The death of Mohammad Sadli on 8 January is a sign of the fading into history of the technocrat economists – the so-called Berkeley Mafia - who shaped the macro-economic framework of Indonesia from the early days of the Suharto regime. Sadli was one of the original members of that group. He held key official positions at critical periods, including Chief of the Investment Co-ordinating Board and Minister of Mining and Industry and was active in the private sector, serving as the General Secretary of the Indonesian Chamber of Commerce (Kadin) from 1983 to 1986. His prominence in international policy circles was reflected in membership of several committees of the Asian Development Bank, the World Bank and the UN.
In the big picture, however, Sadli’s contribution will be linked with the larger impact of the technocrats upon Indonesian economic and political history. Together with a small group of foreign-educated economists including, among others, Wijoyo Nitisastro, Emil Salim, Ali Wardhana and Johannes Sumarlin, Sadli became a founding member of a tradition of professional economists wielding critical influence over macro-economic policy and banking. That tradition continues to the present day.
In many ways, Suharto’s willingness to hand over considerable authority in key economic ministries to technocratic ministers in the mid-1960s was a daring departure from existing practice in the region and preceded the relationship between Pinochet and his ‘Los Chicago Boys’ in Chile by several years. Although he was to become one of the great kleptocrats of contemporary history, Suharto was clear about the potential threats to his rule posed by social unrest and prolonged economic distress. He was willing to hand over monetary and fiscal policy to the technocrats as the price for dealing with the endemic inflation and galloping public debt inherited from the late Sukarno years. He also realised that economic rehabilitation meant that foreign investors had to be drawn back into Indonesia as the experiment with central planning and economic nationalism had proven so incapable of generating economic growth. The rise of the technocrats was intended to address these issues.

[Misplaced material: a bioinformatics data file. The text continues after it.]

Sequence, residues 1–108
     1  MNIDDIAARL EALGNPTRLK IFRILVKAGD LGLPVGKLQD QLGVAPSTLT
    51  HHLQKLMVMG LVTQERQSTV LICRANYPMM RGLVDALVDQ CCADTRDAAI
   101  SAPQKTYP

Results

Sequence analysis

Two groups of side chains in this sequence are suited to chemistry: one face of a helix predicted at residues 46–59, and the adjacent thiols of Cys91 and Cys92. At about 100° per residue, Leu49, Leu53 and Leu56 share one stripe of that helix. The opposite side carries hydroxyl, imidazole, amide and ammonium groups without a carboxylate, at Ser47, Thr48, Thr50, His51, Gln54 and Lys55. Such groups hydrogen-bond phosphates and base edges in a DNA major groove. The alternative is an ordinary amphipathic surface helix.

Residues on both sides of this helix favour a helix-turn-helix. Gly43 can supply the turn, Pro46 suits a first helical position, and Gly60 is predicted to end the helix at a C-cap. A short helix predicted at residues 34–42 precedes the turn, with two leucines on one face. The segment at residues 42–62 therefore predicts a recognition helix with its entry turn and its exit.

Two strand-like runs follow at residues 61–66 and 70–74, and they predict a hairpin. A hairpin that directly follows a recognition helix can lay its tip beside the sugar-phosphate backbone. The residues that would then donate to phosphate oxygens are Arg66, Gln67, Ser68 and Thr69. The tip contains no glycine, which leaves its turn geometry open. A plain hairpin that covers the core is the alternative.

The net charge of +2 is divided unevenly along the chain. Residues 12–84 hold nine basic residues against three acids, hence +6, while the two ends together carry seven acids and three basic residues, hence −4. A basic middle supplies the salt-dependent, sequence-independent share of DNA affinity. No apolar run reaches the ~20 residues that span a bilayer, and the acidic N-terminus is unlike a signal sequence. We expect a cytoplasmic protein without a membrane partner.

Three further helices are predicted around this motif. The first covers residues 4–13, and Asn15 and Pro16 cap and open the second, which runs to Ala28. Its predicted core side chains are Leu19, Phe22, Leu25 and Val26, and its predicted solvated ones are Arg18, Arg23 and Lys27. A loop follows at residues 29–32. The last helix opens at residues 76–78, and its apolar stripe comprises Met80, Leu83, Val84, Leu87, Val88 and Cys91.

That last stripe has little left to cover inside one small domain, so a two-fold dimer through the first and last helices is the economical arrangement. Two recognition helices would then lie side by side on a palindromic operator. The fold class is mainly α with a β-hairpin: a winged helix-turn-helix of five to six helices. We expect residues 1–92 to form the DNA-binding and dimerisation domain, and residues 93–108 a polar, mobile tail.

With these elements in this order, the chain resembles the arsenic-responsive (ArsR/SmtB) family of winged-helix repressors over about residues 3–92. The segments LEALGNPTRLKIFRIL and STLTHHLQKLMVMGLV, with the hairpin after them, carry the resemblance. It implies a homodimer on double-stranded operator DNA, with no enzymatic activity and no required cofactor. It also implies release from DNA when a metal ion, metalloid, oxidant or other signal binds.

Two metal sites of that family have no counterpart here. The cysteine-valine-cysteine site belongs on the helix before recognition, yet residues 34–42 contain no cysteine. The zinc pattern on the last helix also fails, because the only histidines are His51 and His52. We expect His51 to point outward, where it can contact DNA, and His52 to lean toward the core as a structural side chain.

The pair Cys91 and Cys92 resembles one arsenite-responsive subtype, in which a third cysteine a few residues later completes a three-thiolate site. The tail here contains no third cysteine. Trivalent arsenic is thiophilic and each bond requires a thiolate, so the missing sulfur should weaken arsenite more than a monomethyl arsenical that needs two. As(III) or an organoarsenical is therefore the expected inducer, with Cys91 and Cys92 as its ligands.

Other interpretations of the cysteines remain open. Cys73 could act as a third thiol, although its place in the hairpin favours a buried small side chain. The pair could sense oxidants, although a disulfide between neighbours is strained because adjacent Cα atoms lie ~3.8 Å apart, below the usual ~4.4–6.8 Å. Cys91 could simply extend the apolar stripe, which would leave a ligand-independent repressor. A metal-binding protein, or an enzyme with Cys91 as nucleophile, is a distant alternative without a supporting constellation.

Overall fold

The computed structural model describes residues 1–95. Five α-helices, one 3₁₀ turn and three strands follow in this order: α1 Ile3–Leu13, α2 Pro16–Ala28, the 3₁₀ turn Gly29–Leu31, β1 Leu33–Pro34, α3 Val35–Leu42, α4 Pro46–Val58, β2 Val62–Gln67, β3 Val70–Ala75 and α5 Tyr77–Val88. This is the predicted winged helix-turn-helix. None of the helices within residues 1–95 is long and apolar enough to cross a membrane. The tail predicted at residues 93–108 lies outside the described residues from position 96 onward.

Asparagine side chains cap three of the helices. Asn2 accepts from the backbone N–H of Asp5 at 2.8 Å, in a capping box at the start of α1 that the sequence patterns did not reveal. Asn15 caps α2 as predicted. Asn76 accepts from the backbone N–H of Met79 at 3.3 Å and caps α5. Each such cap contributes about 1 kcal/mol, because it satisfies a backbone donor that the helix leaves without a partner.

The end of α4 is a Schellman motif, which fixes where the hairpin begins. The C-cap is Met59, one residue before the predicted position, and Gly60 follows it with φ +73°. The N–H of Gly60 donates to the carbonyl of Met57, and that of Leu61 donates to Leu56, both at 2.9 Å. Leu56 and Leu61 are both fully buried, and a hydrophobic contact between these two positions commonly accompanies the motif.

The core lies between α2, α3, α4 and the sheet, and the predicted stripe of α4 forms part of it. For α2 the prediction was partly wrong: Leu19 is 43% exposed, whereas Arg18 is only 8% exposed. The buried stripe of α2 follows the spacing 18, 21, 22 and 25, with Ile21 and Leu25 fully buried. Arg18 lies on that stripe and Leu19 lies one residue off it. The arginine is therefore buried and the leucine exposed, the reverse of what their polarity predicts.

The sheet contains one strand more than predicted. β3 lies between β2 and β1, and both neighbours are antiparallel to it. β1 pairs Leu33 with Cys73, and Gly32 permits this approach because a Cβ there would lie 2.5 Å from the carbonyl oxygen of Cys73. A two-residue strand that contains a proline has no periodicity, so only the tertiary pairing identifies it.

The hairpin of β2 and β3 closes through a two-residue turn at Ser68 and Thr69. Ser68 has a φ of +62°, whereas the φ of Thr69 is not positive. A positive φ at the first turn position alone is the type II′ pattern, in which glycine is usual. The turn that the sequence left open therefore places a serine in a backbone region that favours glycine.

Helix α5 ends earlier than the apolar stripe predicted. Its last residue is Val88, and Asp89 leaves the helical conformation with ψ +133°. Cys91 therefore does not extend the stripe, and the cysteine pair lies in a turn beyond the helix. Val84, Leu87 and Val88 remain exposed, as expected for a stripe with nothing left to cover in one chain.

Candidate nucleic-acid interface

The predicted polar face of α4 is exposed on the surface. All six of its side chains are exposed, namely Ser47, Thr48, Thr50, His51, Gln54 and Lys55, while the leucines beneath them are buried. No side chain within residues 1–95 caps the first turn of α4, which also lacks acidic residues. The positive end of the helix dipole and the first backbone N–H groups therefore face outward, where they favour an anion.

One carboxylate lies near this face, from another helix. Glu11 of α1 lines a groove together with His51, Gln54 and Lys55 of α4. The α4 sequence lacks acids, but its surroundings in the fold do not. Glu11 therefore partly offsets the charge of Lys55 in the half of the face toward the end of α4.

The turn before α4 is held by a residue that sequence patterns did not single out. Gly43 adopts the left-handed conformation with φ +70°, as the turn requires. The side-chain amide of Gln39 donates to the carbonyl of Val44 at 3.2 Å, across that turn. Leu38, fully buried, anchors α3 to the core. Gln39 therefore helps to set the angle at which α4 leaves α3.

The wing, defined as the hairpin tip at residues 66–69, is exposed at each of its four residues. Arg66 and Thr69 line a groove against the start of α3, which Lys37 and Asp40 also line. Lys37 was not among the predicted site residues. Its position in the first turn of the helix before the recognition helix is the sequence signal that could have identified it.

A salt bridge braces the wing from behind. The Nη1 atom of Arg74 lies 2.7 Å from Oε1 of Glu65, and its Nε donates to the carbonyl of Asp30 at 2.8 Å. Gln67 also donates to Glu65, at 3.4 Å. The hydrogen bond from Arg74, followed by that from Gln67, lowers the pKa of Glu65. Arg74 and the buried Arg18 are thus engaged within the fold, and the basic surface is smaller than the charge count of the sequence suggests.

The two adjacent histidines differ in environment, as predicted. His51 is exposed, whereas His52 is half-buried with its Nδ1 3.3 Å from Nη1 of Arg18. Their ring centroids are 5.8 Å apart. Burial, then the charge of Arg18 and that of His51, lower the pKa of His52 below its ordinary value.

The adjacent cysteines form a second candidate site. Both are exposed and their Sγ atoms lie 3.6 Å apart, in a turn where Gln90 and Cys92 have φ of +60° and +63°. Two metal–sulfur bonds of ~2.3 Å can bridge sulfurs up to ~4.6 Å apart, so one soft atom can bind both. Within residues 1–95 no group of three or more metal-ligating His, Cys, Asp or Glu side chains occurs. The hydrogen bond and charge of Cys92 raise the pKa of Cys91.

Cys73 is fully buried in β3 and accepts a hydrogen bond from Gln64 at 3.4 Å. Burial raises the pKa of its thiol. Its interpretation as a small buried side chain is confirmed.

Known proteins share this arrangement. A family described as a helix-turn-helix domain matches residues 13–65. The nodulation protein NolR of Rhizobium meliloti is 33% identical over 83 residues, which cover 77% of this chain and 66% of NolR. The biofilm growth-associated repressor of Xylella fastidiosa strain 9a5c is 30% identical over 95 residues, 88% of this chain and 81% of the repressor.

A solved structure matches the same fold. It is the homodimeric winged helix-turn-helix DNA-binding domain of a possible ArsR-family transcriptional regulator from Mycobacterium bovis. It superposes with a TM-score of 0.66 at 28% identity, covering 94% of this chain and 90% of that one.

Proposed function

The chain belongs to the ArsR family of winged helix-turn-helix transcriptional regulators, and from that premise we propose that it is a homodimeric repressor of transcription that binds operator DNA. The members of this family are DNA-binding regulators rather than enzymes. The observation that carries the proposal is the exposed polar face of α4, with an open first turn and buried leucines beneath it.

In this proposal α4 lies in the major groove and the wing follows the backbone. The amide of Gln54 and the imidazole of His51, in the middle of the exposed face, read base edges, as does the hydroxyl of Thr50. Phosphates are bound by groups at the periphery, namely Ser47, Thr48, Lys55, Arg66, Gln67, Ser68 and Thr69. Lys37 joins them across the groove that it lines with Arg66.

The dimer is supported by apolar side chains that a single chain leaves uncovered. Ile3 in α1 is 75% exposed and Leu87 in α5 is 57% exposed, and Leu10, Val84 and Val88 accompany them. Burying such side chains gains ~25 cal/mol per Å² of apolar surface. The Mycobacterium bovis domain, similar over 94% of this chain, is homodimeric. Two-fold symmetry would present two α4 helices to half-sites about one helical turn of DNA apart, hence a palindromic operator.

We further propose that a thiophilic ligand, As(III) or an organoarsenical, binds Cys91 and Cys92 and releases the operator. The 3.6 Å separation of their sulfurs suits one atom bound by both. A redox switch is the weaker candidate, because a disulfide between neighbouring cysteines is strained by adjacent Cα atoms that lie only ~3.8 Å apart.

For their part, the technocrats used their authority over the macro-economic arena to enable a prolonged period of economic stability based upon the management of public debt and the control of inflation. A balanced budget law was introduced and the door slowly opened to foreign investment. They were important intermediaries in negotiating vital loans and aid packages with the World Bank and other international financial and development organisations. Western governments and the World Bank were particularly well-disposed to Indonesia, not only because it was a new ally in the Cold War at a difficult time for the US. At the level of personal contact, the technocrats were also people who talked the same language and held the same values on a range of issues as their Western counterparts.
Nevertheless, it would be wrong to regard Sadli or the other technocrats as narrow market fundamentalists, at least in the 1970s and 1980s. They were not inherently opposed to maintaining state enterprises for specific purposes. Nor were they against some industrial policies aimed at encouraging new economic enterprises in Indonesia, particularly in the upstream sector. In some cases they reacted critically to World Bank reports on the Indonesian economy.